Thursday, August 19, 2010
Thriller Guy is still on “vacation.” A recent rather cryptic note from him refers to some very inhospitable conditions and indicates that he isn't sure when he will be back in mufti, sitting at his desk reviewing fictional derring do. Our best wishes go to TG and our hopes for a speedy, and more importantly, a safe return.
Continuing my fact-finding research to Custer's Last Stand on a lighter note...
After returning from the battlefield, I had a night to kill before flying out of Bozeman the next day. I decided to drive around, check out Bozeman and have dinner. It being a Sunday night, the town was dead, though I cannot attest to the fact that it might be just as dead on any other night. The only action I saw was a group of teenagers in an empty mall parking lot who appeared to be kicking and beating a victim who was on the ground. A closer drive-by showed that rather than kicking someone to death, they were playing a game of hacky-sack. In my defense, I can only say that the same group of kids in my neighborhood right outside Washington, DC would most assuredly have been up to no good.
There were few places open for dinner, so I was happy to come across a Japanese restaurant whose name I no longer remember. This was in 1987, well before there were sushi joints in every town in America, so I was curious how this restaurant ended up in a small town in the wild west.
I went in and found no other customers, only a young Japanese girl who was working on what appeared to be her homework on one of the empty tables. With a big smile, she escorted me to a table and handed me a menue. Her greeting was a jumble of English that was unintelligible, but decidedly enthusiastic. The menue, and the restaurant itself, proved to be pretty generic Japanese, which was fine with me. I went for the sushi and one of those Japanese iceberg lettuce salads with the strange orange dressing. Dinner was fine, unremarkable except for the older man and woman who while obviously making my dinner kept peeking out of the kitchen at me. The daughter, for that's who I decided she was, hovered close, making sure my every need was met. It was all slightly weird and a bit uncomfortable as no one else ever came in.
After indicating that I was finished, I asked for the bill. At which point the older Japanese couple, dressed in what looked to me to be standard Japanese garb, marched out of the kitchen bearing an unordered dish, which was placed reverently on the table in front of me, with much smiling, bowing and clasping of hands. The older gentleman said, in extremely broken English what sounded to me like, “Special for you, Cowboy.” I couldn't help laughing at this because while Thriller Guy could easily pass for a rough rider, I am more the small, intellectual type who looks totally ridiculous in a cowboy hat. But I appreciated the sentiment.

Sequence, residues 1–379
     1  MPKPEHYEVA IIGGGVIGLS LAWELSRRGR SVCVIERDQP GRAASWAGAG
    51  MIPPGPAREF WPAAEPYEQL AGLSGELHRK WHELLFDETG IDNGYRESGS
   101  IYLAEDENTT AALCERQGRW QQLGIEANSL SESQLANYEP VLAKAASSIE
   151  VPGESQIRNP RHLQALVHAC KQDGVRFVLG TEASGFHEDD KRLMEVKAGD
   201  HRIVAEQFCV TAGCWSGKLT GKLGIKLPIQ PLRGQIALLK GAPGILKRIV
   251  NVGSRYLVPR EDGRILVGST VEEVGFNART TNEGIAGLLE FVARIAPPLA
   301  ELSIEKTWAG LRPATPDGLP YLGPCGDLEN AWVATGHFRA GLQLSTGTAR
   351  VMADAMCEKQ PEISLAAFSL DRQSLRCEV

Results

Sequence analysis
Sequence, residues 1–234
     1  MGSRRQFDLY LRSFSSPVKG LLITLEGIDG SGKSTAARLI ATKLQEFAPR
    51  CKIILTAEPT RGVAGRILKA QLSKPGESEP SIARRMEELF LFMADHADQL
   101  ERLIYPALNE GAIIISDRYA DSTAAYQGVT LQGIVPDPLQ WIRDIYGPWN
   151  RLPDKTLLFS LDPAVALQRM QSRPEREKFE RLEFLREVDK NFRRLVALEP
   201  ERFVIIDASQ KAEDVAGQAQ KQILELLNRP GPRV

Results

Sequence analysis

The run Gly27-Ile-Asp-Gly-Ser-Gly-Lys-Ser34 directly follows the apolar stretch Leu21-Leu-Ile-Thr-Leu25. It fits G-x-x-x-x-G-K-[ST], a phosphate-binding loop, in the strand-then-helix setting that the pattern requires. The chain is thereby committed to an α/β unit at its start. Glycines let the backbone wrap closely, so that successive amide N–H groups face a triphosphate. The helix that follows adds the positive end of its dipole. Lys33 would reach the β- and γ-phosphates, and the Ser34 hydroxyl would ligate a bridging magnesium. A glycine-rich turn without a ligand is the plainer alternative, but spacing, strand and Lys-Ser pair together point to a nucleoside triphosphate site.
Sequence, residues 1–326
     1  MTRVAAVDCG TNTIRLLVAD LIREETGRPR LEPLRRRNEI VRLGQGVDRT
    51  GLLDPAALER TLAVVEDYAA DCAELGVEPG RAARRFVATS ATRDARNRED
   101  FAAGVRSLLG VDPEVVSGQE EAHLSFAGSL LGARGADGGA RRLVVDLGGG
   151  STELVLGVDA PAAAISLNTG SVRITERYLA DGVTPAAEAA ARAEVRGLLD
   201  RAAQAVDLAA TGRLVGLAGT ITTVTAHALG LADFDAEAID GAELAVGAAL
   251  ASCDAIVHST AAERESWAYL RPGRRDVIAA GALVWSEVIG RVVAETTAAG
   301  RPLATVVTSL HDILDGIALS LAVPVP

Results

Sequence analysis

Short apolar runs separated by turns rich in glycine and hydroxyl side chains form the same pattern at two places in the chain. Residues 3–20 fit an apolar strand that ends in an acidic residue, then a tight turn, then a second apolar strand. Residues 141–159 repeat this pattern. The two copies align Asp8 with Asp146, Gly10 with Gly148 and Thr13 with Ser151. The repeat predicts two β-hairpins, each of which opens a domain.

The dish consisted of two iceberg lettuce leaves, on which were two mysterious globs of something; pale white, sort of jiggly, totally beyond my ken. I decided the lettuce was part of the dish, so I rolled each around the glob and ate it. Not bad. Luke warm, kind of squishy with an odd taste which I could not identify. The three Japanese, formed up in a line at the end of my table, watched my consumption with a sort of bated astonishment. When I finished off the leaf and its mysterious filling, they all clapped their hands, smiling and chattering among themselves and bowing in my direction.
“Very good,” I said. “What exactly was it?” not really expecting to understand.
They looked back and forth for someone to come forth who could actually speak English; when no one appeared, the older lady said, “Tess-teek-a.” I acted like I understod while she repeated it a few more times. I smiled, bowed to everyone, paid my bill and drove back to my motel. Yes, you've probably figured it out by now, but it took me a few minutes to work it out.
Test-teek-a. Test-teek-a. Testicle.
I know that are plenty of people who have had them deep fried or cooked in some manner, but I'll bet there are damn few of you out there who have had them sashimi style. I'm pretty sure I'd never order them on purpose, but the entire experience felt right, like I had held up the honor of America.
Special for you, Cowboy, indeed.